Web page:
A TWO-and-a-half-month-old baby boy died after being placed on a sofa next to a sleeping adult, an inquest heard.

Archie Jackson was unresponsive on the settee at his brother's grandmother's home in Rockcliffe Street, Blackburn, at around 2.30pm on April 7.

An ambulance was called but the little boy was pronounced dead at 3.15pm at Royal Blackburn Hospital after paramedics and hospital staff were unable to resuscitate him.

Coroner James Newman said at around 10.30pm the night before, Archie’s mother, Sarah Jackson, had dropped Archie off at Stephanie Parkinson’s house, the mother of Miss Jackson’s former partner, David Parkinson.

Archie had been put to sleep in his carry-cot as normal but had a relatively unsettled night.

During the evening, Mr Parkinson returned to his mother's house and fell asleep on the sofa, where he remained until around 2pm the following day.

A statement from Miss Jackson said: "I dropped Archie off at Steph's about 10.30pm and then went out.

"I woke up the next day about 1pm and went back to Steph's to pick the kids up. When I got there there was an ambulance outside and I ran round the back and there were two paramedics working on Archie.

"I asked David what was going on and what had happened and he said he didn't know."

READ MORE: Baby died in bed with parents and brother in Bolton causing warning against 'co-sleeping'

Giving evidence at the inquest in Preston, Stephanie Parkinson said at around 8am on April 7, Archie had woken up and she had tried to feed him.

Mrs Parkinson said: "At about 10.30am I tried to feed him again but he wasn't taking his food so I put him back in his cot.

"At about 11.30 I tried to feed him again but he started crying so I cuddled him. David was facing away from the back of the sofa sleeping, so I put Archie between David and the back of the sofa.

"I wanted to try to settle Archie by having someone close to him."

Around 2.30pm, Mrs Parkinson had returned to the room and couldn't hear Archie breathing, the inquest heard.

She picked him up from the sofa and realised he was no longer responsive.

She said: "I woke David up and called an ambulance who then told David to start CPR on Archie. The paramedics arrived really quickly and took him straight to the ambulance."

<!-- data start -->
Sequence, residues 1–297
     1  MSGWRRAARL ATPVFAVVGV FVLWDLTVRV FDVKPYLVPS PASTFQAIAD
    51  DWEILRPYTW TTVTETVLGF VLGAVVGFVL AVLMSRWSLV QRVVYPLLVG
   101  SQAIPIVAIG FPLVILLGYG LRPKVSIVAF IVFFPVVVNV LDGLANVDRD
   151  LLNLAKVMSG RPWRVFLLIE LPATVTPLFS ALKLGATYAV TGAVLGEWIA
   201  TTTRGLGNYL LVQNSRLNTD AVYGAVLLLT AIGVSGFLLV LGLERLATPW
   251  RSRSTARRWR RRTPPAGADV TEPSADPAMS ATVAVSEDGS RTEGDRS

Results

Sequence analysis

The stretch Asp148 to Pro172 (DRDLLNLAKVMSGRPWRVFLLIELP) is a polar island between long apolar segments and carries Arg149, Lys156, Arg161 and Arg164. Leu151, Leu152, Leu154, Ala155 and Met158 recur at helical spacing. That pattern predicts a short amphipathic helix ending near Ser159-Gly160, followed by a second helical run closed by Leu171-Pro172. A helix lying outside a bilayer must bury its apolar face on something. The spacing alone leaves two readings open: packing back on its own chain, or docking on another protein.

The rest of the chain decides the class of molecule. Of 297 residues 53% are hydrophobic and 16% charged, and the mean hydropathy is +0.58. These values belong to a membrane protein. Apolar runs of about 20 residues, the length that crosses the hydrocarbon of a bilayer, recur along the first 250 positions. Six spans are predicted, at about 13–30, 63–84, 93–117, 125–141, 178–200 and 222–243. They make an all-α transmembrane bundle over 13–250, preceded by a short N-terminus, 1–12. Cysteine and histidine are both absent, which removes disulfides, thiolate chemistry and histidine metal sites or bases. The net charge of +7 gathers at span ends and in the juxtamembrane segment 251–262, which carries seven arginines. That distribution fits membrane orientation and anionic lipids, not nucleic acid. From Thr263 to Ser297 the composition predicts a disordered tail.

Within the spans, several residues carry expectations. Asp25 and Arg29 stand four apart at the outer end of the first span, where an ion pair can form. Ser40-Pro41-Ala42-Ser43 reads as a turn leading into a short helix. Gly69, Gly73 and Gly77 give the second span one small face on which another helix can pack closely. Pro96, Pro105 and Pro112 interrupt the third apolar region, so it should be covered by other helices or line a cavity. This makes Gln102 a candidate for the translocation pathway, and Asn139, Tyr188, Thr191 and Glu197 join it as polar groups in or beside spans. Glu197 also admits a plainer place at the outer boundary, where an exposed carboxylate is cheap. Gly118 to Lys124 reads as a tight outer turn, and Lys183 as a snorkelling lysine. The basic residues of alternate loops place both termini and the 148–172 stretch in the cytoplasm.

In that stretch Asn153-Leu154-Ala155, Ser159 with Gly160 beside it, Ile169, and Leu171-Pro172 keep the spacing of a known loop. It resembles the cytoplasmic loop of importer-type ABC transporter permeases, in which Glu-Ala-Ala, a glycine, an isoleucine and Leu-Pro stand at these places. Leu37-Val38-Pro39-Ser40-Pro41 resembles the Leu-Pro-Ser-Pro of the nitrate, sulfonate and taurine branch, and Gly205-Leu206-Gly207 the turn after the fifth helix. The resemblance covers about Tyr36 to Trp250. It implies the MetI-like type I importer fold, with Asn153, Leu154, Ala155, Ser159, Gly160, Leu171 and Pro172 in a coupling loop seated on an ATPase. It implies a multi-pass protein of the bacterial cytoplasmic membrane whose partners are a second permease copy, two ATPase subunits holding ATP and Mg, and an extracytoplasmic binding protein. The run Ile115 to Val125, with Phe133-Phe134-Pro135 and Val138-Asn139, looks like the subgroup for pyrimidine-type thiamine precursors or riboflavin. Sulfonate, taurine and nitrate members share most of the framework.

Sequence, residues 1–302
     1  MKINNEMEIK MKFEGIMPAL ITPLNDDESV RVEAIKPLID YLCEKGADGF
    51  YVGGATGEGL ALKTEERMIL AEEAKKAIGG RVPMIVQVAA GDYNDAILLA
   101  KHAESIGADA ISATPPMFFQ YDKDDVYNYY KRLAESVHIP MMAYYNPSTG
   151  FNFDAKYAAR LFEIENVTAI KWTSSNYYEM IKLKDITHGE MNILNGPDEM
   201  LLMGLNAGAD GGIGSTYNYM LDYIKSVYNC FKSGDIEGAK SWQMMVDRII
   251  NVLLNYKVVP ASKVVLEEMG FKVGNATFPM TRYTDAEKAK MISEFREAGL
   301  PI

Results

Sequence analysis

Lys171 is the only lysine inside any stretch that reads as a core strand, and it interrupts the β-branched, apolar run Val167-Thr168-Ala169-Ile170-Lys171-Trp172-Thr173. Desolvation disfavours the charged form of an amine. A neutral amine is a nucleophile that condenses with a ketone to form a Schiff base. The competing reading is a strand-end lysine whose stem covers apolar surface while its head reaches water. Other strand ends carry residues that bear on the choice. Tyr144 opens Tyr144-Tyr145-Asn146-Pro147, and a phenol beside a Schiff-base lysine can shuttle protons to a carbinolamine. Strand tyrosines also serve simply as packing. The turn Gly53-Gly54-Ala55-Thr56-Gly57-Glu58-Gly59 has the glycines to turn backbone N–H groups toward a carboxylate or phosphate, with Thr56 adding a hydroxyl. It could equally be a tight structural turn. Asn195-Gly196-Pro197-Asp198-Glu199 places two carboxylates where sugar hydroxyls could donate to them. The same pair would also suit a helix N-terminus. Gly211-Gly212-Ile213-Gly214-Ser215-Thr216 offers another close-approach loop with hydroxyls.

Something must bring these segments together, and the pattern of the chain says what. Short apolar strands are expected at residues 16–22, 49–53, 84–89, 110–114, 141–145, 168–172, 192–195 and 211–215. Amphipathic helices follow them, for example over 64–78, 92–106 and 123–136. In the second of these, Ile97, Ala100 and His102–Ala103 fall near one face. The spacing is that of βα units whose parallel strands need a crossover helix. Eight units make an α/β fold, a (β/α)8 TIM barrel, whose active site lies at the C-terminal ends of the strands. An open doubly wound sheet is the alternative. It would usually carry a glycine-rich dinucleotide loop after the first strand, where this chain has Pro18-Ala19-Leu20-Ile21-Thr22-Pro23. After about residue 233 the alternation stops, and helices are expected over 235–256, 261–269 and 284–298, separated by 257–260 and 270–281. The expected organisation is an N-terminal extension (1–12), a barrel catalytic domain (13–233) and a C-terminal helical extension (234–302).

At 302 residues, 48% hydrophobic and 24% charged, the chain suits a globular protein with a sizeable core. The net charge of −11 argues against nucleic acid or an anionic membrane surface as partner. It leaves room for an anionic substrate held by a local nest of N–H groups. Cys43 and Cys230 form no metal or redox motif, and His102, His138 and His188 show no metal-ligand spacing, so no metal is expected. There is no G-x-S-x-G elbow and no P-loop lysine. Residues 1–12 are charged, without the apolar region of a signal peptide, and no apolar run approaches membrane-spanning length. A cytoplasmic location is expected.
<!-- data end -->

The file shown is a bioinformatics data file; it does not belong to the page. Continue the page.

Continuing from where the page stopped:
Mr Newman said that there was the potential for unconventional sleeping to increase the risk of sudden death in infancy. He asked her if Mr Parkinson had rolled onto Archie in his sleep, to which she replied, 'no'.

Giving evidence, Mr Parkinson said when he returned home after his night out, Archie had been sleeping in his Moses basket and he went to sleep on the sofa at around 8am.

Mr Newman said: "Were you aware at any time that Archie had been placed behind you on the sofa."

Mr Parkinson responded, 'no'.

He said: "I don't have any recollection of finding myself on top of Archie and when I woke up my mum had hold of Archie and was screaming and said that he wasn't breathing so I got hold of Archie and mum phoned the ambulance."

Mr Parkinson said the paramedics arrived in what 'seemed like seconds', and during the time he was trying to resuscitate the little boy, he had seen no signs of life.

Paramedic Simon Brindle said in a statement: "We took Archie to Royal Blackburn Hospital but he wasn't breathing and his heart was not beating."

Forensic pathologist, Dr Naomi Carter, who carried out the post-mortem examination on Archie, said that there was no evidence to suggest that there had been any internal or external injuries to Archie.

As far as she was concerned, Archie was a healthy little boy.

She said: “He had been on a sofa in between an adult and the back of the sofa. Tests failed to reveal a substantive cause of death but it’s crucial to say that there is an excess of death in infants who have unconventional sleeping arrangements, such as sharing beds or sofas with someone.”

Detective Inspector Tim Brown said there was nothing to suggest any criminal act had taken place at Rockcliffe Street, as Mr Parkinson had not been aware that Archie had been lying next to him on the sofa.

Mr Newman recorded an open conclusion and said: “I can only imagine the pain you are going through.

"We are told not to co-sleep with babies but I understand that there are occasions when this could happen.

"There's a risk of sudden death in infancy where there has been unsafe sleeping practices and if you have a little one they should always be put back in their cot.

"I cannot say this death was an accident as there are a number of factors that could have contributed to him dying which could have been brought on by unconventional sleeping habits, and so I have to record the cause of death as unascertained."

Speaking after the inquest, Miss Jackson said: "Archie was a happy little boy and was the best baby I could wish for, he was so easy going and made my life better."